The case brought before the EU Court of Justice by way of preliminary rulings arises from a decision of the Italian Competition Supervisory Authority (AGCM) which deemed that an undertaking in dominant position availed itself of a number of exclusive distributors for the sale of its own products (take-away ice creams) and held that said undertaking required that its distributors adopted certain behaviour which was infringing competition and, benefitting from its market force, also having an impact to downstream sale points. The AGCM also deemed that the concerned conduct was essentially attributable to the dominant undertaking and sanctioned the latter with a fine of over 60 000 000 EUR for abuse of dominant position.
Following the appeal filed by the dominant undertaking, firstly before the competent Administrative Court (Tribunale Amministrativo Regionale) and then before the Italian highest Administrative Court (Consiglio di Stato), the latter indeed sought, by way of preliminary rulings to the Court of Justice, the interpretation of article 102 of the TFEU forbidding the abuse of dominant position.
Firstly, the ECJ confirmed that when it is given evidence that the dominant undertaking, by means of such an exclusive distribution system, has actually organised pressing activities on competition, this represents an abuse of dominant position. However, the Court specified that “the actions of distributors forming part of the distribution network for goods and services of a producer in a dominant position may be imputed to that producer if it is established that those actions were not adopted independently by those distributors, but form part of a policy that is decided unilaterally by that producer and implemented through those distributors” (operative part, point 1).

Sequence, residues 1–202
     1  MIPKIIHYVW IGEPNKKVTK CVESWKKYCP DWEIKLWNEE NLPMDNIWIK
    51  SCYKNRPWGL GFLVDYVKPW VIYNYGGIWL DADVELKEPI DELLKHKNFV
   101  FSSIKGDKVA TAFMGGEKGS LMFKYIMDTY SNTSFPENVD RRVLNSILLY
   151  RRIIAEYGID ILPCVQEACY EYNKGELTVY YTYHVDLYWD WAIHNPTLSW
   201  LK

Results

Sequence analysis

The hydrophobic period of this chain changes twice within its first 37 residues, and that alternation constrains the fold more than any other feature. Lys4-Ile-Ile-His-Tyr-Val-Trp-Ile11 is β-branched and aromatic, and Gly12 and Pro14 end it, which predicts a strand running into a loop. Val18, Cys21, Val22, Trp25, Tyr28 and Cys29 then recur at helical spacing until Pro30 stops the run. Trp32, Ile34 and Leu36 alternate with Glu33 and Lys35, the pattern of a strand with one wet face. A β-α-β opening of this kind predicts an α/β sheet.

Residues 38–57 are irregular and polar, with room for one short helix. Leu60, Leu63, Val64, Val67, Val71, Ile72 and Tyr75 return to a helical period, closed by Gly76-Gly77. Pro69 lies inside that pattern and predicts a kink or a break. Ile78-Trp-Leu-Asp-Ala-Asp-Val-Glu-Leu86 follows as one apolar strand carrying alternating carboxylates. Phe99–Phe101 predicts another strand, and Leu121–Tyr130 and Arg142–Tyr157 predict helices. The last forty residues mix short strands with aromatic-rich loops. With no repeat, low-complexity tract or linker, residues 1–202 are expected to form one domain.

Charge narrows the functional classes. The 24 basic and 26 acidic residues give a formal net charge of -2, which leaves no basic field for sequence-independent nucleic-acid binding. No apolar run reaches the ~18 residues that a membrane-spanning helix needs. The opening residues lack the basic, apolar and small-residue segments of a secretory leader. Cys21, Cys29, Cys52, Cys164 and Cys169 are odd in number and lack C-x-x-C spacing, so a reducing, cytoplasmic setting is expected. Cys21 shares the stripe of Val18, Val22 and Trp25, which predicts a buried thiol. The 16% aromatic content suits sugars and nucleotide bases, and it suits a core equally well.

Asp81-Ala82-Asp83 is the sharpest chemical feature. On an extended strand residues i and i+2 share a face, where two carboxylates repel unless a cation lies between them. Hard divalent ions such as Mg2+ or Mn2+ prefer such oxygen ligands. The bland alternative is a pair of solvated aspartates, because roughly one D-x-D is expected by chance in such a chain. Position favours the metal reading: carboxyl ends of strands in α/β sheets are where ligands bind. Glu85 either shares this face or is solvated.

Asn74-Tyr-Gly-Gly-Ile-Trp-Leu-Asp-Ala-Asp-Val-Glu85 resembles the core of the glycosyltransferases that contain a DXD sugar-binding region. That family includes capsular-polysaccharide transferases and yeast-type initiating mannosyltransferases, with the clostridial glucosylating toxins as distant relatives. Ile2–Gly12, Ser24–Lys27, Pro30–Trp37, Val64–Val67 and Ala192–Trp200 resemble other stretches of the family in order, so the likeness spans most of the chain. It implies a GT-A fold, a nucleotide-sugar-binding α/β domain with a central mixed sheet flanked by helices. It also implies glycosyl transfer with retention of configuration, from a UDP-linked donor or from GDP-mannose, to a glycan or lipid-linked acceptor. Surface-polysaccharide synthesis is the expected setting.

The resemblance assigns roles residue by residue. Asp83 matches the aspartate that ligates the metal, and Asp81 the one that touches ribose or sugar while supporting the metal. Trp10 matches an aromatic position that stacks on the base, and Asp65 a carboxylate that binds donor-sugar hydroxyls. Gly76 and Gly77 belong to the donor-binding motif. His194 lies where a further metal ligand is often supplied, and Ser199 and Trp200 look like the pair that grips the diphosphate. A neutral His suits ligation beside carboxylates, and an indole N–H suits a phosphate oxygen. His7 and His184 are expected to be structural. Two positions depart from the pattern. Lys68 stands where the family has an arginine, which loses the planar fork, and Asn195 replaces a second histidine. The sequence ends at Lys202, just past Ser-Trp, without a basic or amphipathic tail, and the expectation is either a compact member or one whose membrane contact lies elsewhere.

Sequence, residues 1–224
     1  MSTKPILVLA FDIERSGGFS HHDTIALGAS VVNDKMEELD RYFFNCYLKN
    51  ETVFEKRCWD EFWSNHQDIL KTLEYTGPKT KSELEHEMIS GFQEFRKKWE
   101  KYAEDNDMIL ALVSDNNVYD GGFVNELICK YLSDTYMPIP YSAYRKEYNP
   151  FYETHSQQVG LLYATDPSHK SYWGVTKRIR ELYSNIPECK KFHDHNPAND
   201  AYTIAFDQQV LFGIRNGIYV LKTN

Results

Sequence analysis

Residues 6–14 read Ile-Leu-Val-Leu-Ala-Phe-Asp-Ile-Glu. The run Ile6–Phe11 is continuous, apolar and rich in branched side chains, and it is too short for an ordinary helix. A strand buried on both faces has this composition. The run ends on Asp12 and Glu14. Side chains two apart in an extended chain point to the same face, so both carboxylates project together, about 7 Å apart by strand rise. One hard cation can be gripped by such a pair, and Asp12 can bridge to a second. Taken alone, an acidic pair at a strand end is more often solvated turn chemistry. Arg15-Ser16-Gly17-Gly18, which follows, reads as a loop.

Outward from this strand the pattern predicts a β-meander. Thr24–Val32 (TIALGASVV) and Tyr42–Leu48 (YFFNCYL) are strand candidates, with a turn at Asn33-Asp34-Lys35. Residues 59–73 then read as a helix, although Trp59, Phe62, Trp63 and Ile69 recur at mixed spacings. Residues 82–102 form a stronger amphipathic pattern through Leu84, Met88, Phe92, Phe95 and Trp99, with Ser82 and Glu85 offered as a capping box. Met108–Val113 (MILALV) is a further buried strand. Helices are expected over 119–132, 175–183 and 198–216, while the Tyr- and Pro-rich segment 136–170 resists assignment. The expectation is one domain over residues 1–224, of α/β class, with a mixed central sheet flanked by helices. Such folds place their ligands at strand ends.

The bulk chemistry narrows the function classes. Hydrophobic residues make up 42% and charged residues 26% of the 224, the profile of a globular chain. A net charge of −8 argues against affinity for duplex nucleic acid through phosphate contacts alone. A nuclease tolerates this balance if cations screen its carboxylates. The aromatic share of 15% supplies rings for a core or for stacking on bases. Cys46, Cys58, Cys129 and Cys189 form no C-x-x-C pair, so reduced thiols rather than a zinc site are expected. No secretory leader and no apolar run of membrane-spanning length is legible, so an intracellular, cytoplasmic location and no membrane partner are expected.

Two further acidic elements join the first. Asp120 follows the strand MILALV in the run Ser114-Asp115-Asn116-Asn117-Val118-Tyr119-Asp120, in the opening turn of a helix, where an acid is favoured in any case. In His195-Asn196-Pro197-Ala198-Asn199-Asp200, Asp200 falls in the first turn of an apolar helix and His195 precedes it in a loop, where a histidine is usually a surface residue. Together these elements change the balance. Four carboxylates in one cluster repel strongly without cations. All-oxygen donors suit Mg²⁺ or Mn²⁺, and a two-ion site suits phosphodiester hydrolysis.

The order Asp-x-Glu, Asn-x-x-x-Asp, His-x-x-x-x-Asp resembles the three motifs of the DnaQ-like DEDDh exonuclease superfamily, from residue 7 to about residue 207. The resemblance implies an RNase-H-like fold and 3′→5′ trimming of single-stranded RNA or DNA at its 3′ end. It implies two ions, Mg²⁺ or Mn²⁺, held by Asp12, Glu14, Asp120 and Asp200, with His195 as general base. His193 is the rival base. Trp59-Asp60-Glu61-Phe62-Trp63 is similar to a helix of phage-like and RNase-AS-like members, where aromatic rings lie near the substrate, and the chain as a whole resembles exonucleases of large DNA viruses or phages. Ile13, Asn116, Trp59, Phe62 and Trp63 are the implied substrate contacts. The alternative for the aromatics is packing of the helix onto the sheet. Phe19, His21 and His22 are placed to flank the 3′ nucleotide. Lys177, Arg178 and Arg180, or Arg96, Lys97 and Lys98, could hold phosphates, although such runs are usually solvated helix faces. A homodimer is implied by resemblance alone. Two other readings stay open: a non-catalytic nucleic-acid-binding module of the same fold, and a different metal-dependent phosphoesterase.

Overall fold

Moreover, after having recapitulated its own case-law on abuses of dominant position, the ECJ specifically observed that article 102 TFEU “must be interpreted as meaning that, where there are exclusivity clauses in distribution contracts, a competition authority is required, in order to find an abuse of a dominant position, to establish, in the light of all the relevant circumstances and in view of, where applicable, the economic analyses produced by the undertaking in a dominant position as regards the inability of the conduct at issue to exclude competitors that are as efficient as the dominant undertaking from the market, that those clauses are capable of restricting competition (…)”
Essentially, the Court stressed the need for the AGCM to provide evidence that is particularly consolidated, as well as the obligation for the AGCM to analyze evidence provided by the same undertaking accused of infringing EU competition law, in order to give reasons for the alleged abuse of dominant position.